District Six Community Meetings for June

Aloha Friends,

This month there will be more District 6 Matters (D6M) community meetings to gain public input and opinions on a couple different subjects that affect Ka‘u.

District 6 Matters & Resolution 60-11:
Thursday, June 9th at 7:00 PM at the Na’alehu Community Center
This is a public meeting to discuss proposed Resolution 60-11, which delays Hawai‘i County Council action on any rezoning or general plan amendments in Ka‘u until a Community Development Plan (CDP) is completed and in place, or December 31, 2012, whichever comes first. Questions and statements are encouraged, light refreshments will be served.

District 6 Matters & PATH:
Wednesday, June 8th at 7:00 PM: Ocean View Community Association
Wednesday, June 29th at 7:00 PM: Cooper Center (Volcano)
Councilmember Brittany Smart will host the District 6 Matters (D6M) meetings with special guest Executive Director of the People’s Advocacy for Trails Hawaii (PATH) Laura Dierenfield.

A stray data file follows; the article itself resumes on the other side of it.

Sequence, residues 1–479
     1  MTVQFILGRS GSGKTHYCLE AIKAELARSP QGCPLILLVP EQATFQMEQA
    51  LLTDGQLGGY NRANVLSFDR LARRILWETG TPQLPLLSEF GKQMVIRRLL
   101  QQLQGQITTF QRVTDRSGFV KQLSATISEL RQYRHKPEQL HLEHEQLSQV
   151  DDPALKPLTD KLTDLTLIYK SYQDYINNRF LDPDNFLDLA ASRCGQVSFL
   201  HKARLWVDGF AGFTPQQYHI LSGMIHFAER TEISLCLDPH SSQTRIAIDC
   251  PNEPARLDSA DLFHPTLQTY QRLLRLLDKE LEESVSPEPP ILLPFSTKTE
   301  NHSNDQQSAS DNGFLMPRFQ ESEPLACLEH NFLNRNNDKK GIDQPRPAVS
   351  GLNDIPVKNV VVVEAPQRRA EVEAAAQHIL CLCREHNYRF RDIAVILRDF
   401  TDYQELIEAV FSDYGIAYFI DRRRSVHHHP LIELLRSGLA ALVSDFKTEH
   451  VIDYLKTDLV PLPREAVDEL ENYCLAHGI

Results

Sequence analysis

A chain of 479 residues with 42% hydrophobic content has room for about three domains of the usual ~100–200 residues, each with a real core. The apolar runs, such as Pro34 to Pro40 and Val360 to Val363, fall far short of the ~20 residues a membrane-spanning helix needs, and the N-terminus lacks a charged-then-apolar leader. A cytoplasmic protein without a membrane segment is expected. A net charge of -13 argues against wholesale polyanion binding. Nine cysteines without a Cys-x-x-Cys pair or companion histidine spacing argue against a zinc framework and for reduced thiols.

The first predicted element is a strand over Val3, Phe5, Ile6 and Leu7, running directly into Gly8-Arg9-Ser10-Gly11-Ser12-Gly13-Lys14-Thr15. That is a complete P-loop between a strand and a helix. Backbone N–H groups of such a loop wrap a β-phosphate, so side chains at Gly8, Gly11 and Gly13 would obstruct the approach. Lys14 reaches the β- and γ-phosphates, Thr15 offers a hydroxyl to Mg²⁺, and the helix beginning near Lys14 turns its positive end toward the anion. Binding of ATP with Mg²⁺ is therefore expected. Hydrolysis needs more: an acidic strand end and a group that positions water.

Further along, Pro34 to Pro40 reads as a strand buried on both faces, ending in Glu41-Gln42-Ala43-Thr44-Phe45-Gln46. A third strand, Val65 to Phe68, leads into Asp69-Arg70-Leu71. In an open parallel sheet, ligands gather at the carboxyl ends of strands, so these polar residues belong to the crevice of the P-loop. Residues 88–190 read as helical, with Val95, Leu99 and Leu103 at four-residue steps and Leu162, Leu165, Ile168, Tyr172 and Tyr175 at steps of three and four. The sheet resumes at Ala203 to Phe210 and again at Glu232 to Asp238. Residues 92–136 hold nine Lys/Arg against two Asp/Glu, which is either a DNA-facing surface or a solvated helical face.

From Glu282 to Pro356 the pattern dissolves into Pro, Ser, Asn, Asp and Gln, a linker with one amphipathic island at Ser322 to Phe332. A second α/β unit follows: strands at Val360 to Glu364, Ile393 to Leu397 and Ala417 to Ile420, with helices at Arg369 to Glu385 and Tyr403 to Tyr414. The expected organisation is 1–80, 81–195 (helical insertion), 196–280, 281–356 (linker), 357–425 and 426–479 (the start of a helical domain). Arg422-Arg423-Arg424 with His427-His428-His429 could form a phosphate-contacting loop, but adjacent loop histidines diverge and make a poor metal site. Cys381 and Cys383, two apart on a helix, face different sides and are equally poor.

Ms. Dierenfield will be discussing Complete Streets, the Bike Plan Implementation Plan as well as having open dialog on pedestrian and bicycle safety and needed infrastructures. Direct questions and comments are welcome on any subject dealing with pedestrian and bicyclist issues. Light refreshments will be served.


Brittany Smart
Hawai’i County Councilmember
District 6 – Upper Puna, Ka’u, South Kona

Big Island Police Searching for Missing 23-year-old Hilo Man

6/6/11 UPDATE: He has been found safe and unharmed
Media Release:

Big Island police are searching for a 23-year-old Hilo man who was reported missing.

Zachary Boggess, also known as Zachary Dutro

Zachary Boggess, also known as Zachary Dutro, who has no permanent address, frequents the Hilo area. He was last seen by friends in the area of the Suisan Bridge in Hilo during the early morning hours on Wednesday (June 1).

He is described as Caucasian, 5-foot-8 and about 180 pounds with brown eyes, short brown hair and a tattoo on his upper left arm.